Lucifer Landing I, a new commission by Jonathan González, will occupy MoMA PS1’s VW Dome through the weekend. The immersive environment, which González constructed in collaboration with designers Rena Anakwe and Pam Liou, incorporates music, film, and sound-responsive lighting design. Partly inspired by the geodesic domes made in the 1970s by the collective CHARAS, the installation is open to just one visitor at a time so as to encourage meditation on “the entanglements between the state of dispossessed non-being that is Black life with the non-human and the architectural,” as the artist has put it. On Sunday, April 21, the presentation will conclude with a recitation from González and a choreographed performance.
MoMA PS1, 22-25 Jackson Avenue, Long Island City, 12 p.m.
Performance: The Johnsons at the Kitchen
This two-act surrealist drama was written and directed by Anohni, formerly known as Antony and best known as the lead singer of the band Antony and the Johnsons. Inspired by the portraiture photography of Erika Yasuda (the wife of Anohni’s late bandmate Julia Yasuda), the show runs concurrent with an exhibition of work by Anohni in the Kitchen’s upstairs gallery. The night’s performance will feature music, painting, and video in collaboration with a formative list of New York heavy hitters, including Laurie Anderson, Kembra Pfahler, and Charles Atlas.
The Kitchen, 512 West 19th Street, 8 p.m., $75
Opening: Wardell Milan at David Nolan Gallery
For his second show at David Nolan Gallery, the New York–based Wardell Milan will exhibit large-scale collages, paintings, and photo-based works. Milan often mines photography for his source material, including an image from 1930 by Magnum photographer Herbert List that serves as a reference point for a new collage titled When he became close to God. Other works toggle between contemporary events and personal happenings—one series is inspired by Kanye West lyrics and features re-contextualized images from Robert Mapplethorpe’s controversial Black Book.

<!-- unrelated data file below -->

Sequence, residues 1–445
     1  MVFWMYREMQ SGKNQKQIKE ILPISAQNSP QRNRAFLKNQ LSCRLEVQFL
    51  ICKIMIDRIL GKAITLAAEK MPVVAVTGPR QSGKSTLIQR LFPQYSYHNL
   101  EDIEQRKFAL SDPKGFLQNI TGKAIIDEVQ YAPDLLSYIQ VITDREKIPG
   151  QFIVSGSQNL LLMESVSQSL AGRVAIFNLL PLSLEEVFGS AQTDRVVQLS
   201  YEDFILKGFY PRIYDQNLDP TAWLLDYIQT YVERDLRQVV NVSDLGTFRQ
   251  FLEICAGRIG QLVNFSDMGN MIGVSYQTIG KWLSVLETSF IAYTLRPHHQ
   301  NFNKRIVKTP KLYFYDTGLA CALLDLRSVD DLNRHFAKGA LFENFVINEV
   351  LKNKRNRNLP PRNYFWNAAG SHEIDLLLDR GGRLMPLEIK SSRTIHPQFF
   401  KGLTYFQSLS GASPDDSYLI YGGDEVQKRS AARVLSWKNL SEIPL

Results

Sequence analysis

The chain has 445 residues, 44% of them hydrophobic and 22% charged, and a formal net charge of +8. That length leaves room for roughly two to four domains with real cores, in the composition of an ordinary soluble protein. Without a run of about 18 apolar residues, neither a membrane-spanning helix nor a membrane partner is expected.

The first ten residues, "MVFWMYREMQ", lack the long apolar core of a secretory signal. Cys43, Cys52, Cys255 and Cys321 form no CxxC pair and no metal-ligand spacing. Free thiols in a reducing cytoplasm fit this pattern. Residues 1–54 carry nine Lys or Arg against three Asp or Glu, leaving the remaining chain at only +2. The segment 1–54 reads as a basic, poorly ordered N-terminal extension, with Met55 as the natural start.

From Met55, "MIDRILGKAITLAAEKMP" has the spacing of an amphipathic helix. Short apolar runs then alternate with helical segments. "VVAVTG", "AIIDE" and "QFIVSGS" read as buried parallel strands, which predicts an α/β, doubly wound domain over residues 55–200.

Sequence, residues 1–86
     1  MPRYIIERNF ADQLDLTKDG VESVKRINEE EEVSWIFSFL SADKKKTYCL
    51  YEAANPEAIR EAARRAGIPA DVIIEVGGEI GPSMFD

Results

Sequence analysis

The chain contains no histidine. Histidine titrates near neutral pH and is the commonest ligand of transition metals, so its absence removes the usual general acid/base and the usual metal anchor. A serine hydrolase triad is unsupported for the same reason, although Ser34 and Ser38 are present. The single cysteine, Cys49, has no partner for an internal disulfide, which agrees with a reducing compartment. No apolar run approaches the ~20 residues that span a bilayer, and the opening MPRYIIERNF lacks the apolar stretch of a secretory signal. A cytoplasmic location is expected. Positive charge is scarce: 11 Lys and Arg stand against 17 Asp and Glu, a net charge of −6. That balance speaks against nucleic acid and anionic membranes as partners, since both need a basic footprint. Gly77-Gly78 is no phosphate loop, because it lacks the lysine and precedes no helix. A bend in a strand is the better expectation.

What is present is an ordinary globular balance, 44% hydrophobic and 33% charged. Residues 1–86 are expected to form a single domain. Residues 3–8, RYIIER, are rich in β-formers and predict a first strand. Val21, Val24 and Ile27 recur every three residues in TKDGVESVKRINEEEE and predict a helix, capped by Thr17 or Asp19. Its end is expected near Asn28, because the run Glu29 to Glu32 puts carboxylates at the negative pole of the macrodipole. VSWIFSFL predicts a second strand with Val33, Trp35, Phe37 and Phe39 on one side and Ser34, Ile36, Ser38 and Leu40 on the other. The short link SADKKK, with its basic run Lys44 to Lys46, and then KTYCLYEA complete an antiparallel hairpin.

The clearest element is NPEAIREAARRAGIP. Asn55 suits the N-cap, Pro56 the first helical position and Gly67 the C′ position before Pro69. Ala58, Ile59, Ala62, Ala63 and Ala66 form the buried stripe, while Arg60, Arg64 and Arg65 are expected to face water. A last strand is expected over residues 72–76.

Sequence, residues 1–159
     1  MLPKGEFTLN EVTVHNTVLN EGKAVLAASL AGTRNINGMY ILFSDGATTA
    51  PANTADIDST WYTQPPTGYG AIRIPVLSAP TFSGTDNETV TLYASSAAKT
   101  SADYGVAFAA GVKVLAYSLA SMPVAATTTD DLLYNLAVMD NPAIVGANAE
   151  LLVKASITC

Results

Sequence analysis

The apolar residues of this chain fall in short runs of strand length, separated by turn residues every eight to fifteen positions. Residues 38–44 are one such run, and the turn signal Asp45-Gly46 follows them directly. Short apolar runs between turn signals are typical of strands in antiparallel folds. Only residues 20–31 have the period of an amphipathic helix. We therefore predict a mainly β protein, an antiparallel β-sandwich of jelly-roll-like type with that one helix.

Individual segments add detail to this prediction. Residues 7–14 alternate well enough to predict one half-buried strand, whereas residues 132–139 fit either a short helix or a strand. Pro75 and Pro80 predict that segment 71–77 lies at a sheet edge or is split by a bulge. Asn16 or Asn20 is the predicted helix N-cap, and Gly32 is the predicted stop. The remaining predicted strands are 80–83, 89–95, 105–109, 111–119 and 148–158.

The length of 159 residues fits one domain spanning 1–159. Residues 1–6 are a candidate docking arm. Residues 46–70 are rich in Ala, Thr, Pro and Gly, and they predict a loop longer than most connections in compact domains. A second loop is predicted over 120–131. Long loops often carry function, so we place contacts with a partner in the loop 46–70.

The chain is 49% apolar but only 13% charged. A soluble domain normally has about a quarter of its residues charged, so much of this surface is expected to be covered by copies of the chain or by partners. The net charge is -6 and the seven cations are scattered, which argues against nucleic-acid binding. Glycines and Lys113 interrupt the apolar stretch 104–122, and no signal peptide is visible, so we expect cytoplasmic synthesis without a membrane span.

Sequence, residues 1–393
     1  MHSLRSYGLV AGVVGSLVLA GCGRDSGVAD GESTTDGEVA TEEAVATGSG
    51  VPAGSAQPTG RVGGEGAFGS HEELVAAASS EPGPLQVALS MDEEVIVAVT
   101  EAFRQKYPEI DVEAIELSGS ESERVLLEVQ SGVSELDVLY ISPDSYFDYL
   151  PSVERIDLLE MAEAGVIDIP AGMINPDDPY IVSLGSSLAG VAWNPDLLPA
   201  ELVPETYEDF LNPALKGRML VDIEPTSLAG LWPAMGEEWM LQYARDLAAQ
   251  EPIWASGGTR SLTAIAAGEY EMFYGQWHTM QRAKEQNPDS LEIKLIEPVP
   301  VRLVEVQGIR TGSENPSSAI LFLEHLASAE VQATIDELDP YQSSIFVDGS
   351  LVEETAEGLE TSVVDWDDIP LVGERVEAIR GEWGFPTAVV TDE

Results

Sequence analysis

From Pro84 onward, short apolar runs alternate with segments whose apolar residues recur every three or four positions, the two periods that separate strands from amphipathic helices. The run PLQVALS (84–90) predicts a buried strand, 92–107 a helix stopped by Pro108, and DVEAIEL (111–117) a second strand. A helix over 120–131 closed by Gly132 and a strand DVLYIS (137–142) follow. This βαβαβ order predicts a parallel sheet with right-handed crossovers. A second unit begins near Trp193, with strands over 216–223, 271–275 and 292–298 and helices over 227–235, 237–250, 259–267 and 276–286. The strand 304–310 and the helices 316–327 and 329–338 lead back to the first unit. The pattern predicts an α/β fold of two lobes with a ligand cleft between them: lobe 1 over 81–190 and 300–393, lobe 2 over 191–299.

David Nolan Gallery, 527 West 29th Street, 5–7 p.m.
SATURDAY, APRIL 20
Exhibition: Firelei Báez at James Cohan Gallery
Firelei Báez often uses the language of regional mythology and science fiction to explore identity and history in the context of diasporic narratives. For this solo show, the New York–based artist has created an immersive installation that envelops the main gallery space in hand-perforated blue tarp, the kind that is sometimes used as temporary refuge; above, Báez has created a mapping of the stars as they appeared in 1791 on the night that the Haitian Revolution began.
James Cohan Gallery, 291 Grand Street, 10 a.m.–6 p.m.
SUNDAY, APRIL 21
Opening: Doreen Garner at JTT
Brooklyn-based artist Doreen Garner uses both painterly and sculptural methods to examine how various traumas—historical, pharmacological, and otherwise—impact the body. (Past work has taken a focus on the brutal medical histories of enslaved women.) This exhibition, titled “She Is Risen” (a nod to its opening on Easter Sunday), serves as a continuation of these themes, and features new sculptures made primarily with silicone, a wall work that references Manet’s 1865 painting Olympia, and more.
JTT, 191 Chrystie Street, 6–8 p.m.